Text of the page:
Ground Penetrating Radar

  • X. Lucas TravassosEmail author
  • Mario Fernandez Pantoja
Reference work entry


In recent years, the nondestructive testing (NDT) of structures and soils using ground penetrating radars (GPRs) has become a mature technology. The particular interest in this technique is explained by several advantages when compared to other NDT techniques: the portability of the equipment because of its moderate weight, relative low cost of the survey, reasonable budget of the initial investment, and high versatility in terms of application for different purposes and scenarios. However, the success of GPR surveys is not straightforward due to the complexity of the physical phenomena involved. The determination of the most appropriate hardware configuration (mostly, antennas and particular waveforms of electromagnetic pulses) is determined by a thorough analysis of the application (e.g., material properties and features of the buried object and host medium). In this way, an initial choice among the available electronic equipment is made by gathering the relevant information of the survey: the expected depth of the target embedded, the resolution required to identify targets of a definite size, the physical contrast between constitutive parameters of flaw and host medium, and the signal to noise ratio of the measurement due not only to electronics but also to inherent conditions of the survey (i.e., existing clutters, nonhomogeneities of the host medium, and roughness of the interface air-host). Therefore, a GPR survey is considered a multidisciplinary problem requiring contributions: from electrical engineering, to design and manufacture versatile and powerful equipment; from physics, to analyze and choose an optimum configuration for the desired application; and from computer science, to achieve proper predictions through the information provided by the measurements. This chapter introduces briefly this multidisciplinary approach by presenting first the electromagnetic phenomena leading to the detection with GPR, then by listing the characteristics of available equipment, and finally by enumerating some of the latest computer techniques for the discovery and classification of targets.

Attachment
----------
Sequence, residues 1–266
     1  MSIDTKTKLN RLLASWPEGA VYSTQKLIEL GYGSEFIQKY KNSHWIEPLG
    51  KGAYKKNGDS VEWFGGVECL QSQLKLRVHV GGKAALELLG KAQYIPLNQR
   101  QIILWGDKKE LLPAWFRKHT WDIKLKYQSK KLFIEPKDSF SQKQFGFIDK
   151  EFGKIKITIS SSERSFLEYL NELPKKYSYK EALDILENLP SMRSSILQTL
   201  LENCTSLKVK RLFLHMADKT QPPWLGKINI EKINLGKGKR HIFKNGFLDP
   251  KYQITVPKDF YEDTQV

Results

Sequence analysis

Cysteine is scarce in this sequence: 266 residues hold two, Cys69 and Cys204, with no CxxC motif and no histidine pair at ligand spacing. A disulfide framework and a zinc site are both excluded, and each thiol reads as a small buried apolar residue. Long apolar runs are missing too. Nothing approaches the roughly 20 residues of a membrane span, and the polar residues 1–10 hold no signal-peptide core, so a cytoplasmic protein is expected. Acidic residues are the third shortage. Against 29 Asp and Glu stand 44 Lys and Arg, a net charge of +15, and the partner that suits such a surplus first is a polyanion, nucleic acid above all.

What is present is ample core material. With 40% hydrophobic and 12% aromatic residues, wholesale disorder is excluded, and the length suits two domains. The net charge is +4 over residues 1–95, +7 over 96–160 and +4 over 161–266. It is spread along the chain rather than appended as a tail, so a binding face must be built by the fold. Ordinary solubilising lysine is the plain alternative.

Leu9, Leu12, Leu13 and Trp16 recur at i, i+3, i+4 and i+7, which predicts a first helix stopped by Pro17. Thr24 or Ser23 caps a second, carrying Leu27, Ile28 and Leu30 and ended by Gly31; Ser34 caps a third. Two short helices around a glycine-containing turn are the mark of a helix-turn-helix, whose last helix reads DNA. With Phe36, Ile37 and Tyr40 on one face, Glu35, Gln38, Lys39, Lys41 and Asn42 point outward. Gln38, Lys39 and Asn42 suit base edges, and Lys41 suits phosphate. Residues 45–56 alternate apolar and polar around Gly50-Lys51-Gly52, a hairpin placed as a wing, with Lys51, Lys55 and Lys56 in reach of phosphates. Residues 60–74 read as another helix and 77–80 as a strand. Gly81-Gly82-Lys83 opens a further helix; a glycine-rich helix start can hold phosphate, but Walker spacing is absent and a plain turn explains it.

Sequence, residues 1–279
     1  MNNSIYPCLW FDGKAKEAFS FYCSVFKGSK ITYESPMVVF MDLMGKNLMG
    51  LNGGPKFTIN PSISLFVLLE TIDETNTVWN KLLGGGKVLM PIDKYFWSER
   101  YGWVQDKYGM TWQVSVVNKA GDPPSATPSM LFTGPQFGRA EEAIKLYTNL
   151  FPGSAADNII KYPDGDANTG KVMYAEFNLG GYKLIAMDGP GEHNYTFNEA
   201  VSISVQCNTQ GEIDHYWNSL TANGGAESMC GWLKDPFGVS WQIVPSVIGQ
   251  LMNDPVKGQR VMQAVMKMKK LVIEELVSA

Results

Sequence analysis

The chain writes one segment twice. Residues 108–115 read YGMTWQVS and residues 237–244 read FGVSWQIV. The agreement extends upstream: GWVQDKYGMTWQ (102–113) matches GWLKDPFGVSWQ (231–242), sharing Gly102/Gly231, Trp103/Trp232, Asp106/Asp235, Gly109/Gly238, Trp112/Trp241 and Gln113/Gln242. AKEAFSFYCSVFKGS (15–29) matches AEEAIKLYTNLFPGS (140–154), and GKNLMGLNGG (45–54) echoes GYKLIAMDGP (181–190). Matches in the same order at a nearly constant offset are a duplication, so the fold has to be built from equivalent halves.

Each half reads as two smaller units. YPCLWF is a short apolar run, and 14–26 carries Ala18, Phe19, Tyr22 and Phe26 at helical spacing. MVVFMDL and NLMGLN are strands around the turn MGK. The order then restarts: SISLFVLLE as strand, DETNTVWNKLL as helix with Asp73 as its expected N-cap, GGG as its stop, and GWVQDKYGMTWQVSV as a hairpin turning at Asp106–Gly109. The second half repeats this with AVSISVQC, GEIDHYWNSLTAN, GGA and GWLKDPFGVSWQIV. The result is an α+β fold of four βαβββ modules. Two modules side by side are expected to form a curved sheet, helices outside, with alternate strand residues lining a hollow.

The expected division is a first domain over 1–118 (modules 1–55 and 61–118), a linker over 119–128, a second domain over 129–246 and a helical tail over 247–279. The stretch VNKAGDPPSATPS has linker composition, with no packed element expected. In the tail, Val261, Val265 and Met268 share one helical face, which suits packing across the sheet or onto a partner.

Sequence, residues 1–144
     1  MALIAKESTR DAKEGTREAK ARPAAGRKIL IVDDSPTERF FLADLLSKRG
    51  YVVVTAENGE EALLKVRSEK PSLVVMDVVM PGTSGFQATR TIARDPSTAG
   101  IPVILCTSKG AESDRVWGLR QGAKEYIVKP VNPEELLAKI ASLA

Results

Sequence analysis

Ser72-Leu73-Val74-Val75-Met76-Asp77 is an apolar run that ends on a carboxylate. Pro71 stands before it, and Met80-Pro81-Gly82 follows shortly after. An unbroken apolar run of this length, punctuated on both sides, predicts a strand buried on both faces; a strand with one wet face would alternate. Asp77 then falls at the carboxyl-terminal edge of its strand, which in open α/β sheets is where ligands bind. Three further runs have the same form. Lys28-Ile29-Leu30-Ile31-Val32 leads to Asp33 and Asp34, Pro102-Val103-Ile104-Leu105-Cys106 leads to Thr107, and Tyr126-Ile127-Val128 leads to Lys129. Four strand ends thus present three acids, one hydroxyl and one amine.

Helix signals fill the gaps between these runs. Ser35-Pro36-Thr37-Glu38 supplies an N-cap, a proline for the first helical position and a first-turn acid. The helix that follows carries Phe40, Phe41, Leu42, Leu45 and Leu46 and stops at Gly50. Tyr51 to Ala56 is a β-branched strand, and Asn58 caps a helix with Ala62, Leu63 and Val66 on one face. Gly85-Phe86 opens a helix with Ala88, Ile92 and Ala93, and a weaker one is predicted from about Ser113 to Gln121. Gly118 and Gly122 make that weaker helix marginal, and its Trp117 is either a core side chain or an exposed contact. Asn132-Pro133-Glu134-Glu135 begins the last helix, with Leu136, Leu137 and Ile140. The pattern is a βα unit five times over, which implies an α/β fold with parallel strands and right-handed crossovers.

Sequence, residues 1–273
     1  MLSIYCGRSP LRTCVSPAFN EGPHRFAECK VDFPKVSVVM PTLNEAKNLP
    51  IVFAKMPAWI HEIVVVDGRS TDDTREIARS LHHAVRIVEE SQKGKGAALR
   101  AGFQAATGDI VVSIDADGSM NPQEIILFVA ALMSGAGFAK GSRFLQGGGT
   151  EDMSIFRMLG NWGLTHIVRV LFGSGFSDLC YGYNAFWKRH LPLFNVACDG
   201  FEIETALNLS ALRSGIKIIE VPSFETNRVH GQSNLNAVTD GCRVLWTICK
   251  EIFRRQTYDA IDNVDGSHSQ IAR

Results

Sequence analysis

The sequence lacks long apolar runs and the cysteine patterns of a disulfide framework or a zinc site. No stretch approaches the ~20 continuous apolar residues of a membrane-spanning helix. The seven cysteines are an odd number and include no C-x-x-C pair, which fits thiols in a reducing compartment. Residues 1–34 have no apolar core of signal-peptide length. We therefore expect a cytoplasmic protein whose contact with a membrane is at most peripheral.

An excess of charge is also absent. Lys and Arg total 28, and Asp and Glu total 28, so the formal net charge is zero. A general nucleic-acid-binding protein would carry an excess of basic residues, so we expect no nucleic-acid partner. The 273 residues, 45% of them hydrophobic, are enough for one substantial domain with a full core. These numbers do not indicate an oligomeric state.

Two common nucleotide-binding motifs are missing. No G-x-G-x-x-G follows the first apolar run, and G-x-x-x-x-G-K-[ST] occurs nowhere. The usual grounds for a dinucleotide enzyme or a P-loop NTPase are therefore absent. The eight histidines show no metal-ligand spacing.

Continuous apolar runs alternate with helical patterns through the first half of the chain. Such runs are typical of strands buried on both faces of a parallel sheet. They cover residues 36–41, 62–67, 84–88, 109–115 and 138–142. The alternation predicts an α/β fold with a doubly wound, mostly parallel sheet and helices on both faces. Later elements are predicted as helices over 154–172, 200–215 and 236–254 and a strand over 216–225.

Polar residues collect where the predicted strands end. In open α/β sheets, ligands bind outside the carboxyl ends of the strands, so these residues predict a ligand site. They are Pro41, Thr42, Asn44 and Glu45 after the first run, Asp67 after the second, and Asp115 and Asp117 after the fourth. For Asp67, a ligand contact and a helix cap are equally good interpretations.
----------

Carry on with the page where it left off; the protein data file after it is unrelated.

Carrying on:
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Copyright information

© Springer Nature Switzerland AG 2019

Authors and Affiliations

  1. 1.Federal University of Santa CatarinaJoinville/FlorianopolisBrazil
  2. 2.Universidad de GranadaGranadaSpain

Section editors and affiliations

  • Ida Nathan
    • 1
  • Norbert Meyendorf
    • 2
  1. 1.Department of Electrical and Computer EngineeringUniversity of AkronAkronUSA
  2. 2.Center for Nondestructive EvaluationIowa State UniversityAmesUSA

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